The myth of bad cashflow

What can a business do themselves to eradicate cashflow problems?

Poor cashflow continues  to be the #1 challenge faced by businesses today. Even if you sit on the top floor of a 20-storey building, have qualified staff and a handful of investors, there’s no guarantee that you may not experience cashflow difficulties. Your company may have enjoyed record profit levels in the previous quarters but still go bankrupt rather quickly.

Cashflow is a hot topic at the moment because every business can be affected, no matter what sector they’re in, their size or location. As such, it’s important for our readers and businesses in general to stay on top of their cashflow especially in these economically demanding times. What’s chashflow anyway?

Simply put, cashflow is defined as incomings and outgoings of cash, describing the operating activities of an organisation. It takes into account all of your financial transactions and is the structure of your business’ income versus its expenditures.

Cashflow poses a threat to businesses

In this difficult trading climate, SMEs are struggling to break even as default rates are on the rise and trade credit terms are not being met.

If you must pay for materials to generate income in March but don’t get paid by your customers until May, then this poses a serious threat to your cashflow. You may also experience temporary cashflow issues if you owe more money than you have. Maintaining an adequate cashflow is of paramount importance. Your business’ income should be the same as, if not higher than its expenditures. This sounds simple, yet many SMEs and start-ups get it wrong.

They’re not really to blame because the regressive economic climate is making life harder for business owners. However, there are a few tips to help you balance the books and grow your business:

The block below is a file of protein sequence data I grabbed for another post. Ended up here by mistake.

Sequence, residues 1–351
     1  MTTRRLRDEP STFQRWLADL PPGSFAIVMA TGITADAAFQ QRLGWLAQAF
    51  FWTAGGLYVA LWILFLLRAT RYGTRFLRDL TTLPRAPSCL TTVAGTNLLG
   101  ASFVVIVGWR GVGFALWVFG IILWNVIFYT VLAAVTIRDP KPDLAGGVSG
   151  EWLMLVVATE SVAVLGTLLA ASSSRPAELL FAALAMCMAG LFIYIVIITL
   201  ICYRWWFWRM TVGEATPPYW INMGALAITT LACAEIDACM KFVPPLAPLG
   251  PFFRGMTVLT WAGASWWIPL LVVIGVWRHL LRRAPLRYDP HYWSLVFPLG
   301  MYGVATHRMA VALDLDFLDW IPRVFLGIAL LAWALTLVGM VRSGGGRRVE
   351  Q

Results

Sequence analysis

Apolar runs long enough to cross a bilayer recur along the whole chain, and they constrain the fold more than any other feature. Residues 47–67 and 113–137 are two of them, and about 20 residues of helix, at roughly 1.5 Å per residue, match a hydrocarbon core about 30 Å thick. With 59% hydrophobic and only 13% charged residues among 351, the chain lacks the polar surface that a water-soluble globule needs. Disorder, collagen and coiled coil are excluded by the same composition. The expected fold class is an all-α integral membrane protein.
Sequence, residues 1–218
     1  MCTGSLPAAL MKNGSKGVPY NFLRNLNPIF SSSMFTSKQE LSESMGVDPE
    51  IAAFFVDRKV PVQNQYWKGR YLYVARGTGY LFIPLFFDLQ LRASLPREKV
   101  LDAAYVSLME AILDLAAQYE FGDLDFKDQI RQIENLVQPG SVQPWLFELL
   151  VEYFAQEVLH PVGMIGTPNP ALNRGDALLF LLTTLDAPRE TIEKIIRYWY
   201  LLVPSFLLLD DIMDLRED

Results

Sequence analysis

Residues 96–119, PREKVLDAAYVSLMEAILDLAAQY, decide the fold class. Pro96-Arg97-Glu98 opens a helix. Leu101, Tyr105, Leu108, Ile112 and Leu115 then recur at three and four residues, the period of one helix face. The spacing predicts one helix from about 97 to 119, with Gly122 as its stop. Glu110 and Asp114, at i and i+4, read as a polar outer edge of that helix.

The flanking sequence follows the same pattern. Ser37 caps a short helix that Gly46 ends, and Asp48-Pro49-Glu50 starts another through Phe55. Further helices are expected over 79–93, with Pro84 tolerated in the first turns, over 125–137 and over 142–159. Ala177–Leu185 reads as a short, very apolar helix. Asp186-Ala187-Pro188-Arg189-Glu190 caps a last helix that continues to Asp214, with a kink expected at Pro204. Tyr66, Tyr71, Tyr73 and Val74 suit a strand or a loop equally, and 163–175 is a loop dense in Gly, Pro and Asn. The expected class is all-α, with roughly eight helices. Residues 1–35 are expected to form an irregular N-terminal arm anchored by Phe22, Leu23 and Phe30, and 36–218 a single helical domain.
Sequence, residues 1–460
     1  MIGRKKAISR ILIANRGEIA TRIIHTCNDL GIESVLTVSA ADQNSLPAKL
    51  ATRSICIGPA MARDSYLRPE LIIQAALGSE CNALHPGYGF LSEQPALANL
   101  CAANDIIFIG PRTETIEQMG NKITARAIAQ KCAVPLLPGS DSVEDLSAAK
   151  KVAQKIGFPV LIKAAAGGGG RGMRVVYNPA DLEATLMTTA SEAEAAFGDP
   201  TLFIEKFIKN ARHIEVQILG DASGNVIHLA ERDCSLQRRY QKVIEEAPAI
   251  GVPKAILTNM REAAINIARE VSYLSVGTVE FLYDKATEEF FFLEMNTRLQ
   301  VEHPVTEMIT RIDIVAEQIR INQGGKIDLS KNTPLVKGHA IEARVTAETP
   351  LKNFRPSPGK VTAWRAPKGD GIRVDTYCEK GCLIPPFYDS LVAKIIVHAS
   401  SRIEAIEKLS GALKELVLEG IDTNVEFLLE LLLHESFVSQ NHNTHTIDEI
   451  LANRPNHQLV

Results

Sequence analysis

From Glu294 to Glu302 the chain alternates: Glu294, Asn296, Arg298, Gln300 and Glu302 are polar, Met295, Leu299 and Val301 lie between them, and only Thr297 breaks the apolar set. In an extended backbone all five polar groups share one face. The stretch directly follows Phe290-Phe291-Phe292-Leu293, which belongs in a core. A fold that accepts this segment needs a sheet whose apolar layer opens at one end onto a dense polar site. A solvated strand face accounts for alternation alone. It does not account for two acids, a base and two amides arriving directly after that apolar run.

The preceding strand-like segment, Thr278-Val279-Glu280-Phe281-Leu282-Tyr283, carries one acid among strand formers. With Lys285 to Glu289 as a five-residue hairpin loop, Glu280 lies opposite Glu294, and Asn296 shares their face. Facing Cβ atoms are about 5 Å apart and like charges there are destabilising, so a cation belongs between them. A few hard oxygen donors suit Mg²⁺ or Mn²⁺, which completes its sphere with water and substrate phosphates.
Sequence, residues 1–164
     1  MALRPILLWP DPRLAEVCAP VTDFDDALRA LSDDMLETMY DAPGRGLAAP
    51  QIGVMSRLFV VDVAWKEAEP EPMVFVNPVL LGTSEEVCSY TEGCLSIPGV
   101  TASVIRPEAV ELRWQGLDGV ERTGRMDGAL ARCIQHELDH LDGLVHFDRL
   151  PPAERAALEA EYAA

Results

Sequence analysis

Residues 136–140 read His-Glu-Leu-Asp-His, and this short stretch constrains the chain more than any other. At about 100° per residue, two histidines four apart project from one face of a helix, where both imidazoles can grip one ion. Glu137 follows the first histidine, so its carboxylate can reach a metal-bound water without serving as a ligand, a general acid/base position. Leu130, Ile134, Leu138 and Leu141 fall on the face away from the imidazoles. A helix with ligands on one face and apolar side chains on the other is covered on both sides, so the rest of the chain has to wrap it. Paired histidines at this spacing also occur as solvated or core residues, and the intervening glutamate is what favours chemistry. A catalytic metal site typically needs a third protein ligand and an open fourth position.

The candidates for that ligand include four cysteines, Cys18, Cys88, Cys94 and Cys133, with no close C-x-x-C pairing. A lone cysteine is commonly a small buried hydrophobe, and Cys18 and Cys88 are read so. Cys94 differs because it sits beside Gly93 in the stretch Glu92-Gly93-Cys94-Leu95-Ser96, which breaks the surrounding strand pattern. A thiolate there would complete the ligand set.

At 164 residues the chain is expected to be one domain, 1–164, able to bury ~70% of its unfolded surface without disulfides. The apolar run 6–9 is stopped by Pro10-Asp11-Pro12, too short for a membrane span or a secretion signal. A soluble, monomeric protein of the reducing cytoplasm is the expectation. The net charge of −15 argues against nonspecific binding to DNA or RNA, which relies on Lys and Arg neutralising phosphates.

Cost-cutting - cut down on expenses

This is the obvious one. Cutting down your expenditures, no matter how little it is, can help you save money to prevent future cashflow issues. This could mean purchasing goods via auctions, buying used items or using power-saving appliances to reduce energy bills. A few months of cost-cutting may leave you with a tight budget but could result in a lifetime of profits.

Is your accountant good enough?

Whether you have a handful of accountants working on your tax issues or an accountancy graduate from the local university doing the bookkeeping, make sure they’re qualified and good at their job. Having a good accountant should help you reduce overheads as they should advice you on tax loopholes and how to grow your business. Your accountant should work with your business 365 days a year, not just at the year end to receive after-salary bonuses.

Secure a business loan

Raising finance to generate revenue is a proven concept and a suitable way of improving your cashflow position. This could be in the form of a bank loan, overdraft, payday loan or other loan arrangement. Watch out for the interest charge and make sure you stick to the repayment terms.

Improve cashflow with Invoice Finance

This is a form of business loan but no further debt is incurred. Collectively known as invoice finance, factoring and invoice discounting are cashflow solutions that allow you to receive a cash advance against monies owed to you by debtors, less any charges, typically within 24 hours of raising an invoice. However, eligibility for this scheme is only promised if your business has a minimum turnover of £50k. Working capital is created, your bargaining power is boosted and you can capitalise on vendor opportunities and discounts.